Reviews Are In for Jeter’s Role as a Hit Batsman
By BEN SHPIGEL
Published: September 16, 2010
ST. PETERSBURG, Fla. — About 1,200 miles Off Off Off Broadway on Wednesday night, Derek Jeter polished his acting chops, convincing an umpiring crew that a pitched ball struck his left arm when, as he later acknowledged with a smile, it did no such thing.
J. Meric/Getty Images
Some were quick to view Jeter’s ploy as an act of desperation, that he contrived a trip to first base in an important contest during a season in which his batting average and on-base percentage have dropped dramatically.
But was he being desperate, or just being Jeter, admired and revered but also a savvy, instinctive player always alert for an advantage in the intense environment of major league baseball.
Jeter may be Sports Illustrated’s reigning “Sportsman of the Year,” but much like the late George Steinbrenner, he will do almost anything to win. On Wednesday, that approach steered him right toward the boundaries of baseball’s unwritten rules without actually going beyond them.
That code allows players to sell phantom tags to umpires or to make believe a ball that was trapped was actually caught. It allows a catcher to try and trick an umpire into calling a ball a strike.
And, in the case of Jeter, who represented the tying run in a taut game, it allows a player to pretend that a pitch hit him when it did not.
Fans from just about everywhere weighed in on Jeter’s performance Thursday, some applauding his cleverness, others condemning him as a fraud and not the role model he is supposed to be.
Those who make their living in baseball just shrugged.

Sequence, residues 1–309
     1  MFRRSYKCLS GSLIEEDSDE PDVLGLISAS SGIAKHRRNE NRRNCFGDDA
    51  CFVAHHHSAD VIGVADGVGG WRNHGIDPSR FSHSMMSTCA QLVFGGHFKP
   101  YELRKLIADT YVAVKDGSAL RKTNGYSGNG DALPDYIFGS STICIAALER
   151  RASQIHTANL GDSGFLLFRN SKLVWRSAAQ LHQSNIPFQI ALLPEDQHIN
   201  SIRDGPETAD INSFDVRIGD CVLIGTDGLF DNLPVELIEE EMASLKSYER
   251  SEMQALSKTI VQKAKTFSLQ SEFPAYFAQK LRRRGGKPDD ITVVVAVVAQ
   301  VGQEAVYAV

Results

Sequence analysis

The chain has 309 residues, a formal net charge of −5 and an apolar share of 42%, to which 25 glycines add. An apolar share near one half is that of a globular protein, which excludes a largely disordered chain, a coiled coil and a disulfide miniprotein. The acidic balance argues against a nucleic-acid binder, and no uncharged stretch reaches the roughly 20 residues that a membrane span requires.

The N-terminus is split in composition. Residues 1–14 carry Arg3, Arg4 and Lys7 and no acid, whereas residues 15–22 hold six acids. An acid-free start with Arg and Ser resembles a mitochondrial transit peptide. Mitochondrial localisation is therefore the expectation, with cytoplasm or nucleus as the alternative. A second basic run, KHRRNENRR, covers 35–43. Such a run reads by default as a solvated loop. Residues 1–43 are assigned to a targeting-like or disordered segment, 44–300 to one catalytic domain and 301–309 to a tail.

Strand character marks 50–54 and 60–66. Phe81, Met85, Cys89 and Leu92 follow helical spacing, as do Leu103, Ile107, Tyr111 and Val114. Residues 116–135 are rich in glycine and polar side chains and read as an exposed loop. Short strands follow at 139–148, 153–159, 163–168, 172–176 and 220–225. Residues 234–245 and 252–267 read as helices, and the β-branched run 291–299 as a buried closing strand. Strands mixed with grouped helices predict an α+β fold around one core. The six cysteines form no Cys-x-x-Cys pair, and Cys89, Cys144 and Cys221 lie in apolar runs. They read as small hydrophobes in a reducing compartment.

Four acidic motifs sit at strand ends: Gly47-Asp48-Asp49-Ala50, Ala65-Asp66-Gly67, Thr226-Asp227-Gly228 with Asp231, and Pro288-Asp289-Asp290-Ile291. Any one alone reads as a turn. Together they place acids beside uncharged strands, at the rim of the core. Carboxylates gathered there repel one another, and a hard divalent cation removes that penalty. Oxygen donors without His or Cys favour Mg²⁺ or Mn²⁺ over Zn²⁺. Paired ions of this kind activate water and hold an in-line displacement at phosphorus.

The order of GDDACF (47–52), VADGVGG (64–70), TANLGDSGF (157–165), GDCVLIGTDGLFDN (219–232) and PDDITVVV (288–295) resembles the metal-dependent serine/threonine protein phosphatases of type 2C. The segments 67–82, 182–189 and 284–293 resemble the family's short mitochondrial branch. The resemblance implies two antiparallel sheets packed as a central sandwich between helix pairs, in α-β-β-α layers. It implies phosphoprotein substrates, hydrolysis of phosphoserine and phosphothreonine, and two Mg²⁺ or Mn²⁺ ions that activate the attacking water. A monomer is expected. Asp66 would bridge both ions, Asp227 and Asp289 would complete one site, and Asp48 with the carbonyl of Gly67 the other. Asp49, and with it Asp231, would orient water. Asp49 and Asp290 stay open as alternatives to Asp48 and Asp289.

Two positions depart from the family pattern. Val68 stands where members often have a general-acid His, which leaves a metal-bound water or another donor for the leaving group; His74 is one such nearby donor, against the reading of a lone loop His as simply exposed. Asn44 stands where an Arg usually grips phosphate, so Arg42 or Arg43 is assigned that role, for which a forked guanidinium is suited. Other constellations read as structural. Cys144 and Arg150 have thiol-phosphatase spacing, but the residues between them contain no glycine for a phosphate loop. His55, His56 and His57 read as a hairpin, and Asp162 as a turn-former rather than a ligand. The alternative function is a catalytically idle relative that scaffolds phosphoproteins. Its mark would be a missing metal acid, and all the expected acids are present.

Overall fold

“I can not understand what the commotion is,” said the Fox baseball broadcaster Tim McCarver, a former major league catcher, as he took stock of the uproar.
“Why question that?” he said of Jeter’s actions. “I can’t believe anyone would say that’s cheating.”
Minnesota Twins Manager Ron Gardenhire, whose team has lost repeatedly to Jeter’s Yankees in the postseason, agreed.
“You have to be an actor in this game, you have to be,” he said. “It’s unfortunate, but it’s part of the game. Jeter, you could see him staring over there in the video, sly as a cat. It’s just the way it is. Call it what you want to call it, it happens. It’s happened forever.”
The play in question occurred in the top of the seventh, with one out and the Yankees trailing, Tampa Bay, 2-1, with first place on the line in the A,L. East.
The first pitch from Chad Qualls came in on Jeter’s hands — where he often does get hit — and smacked the knob of his bat as he spun away. He tossed his bat, clutched his elbow and hopped toward the Yankees’ dugout.
Having been awarded first base by the plate umpire, Lance Barksdale, Jeter continued to pretend he was in discomfort. Manager Joe Girardi raced out, as did the Yankees trainer Gene Monahan, who examined Jeter’s arm. “Geno acted more than I did I guess,” Jeter said afterward.
Some of those who criticized Jeter on blog posts pointed to the elaborate way he feigned being hurt, saying his actions crossed over into outright dishonesty. They asked: Why not just jog to first right away?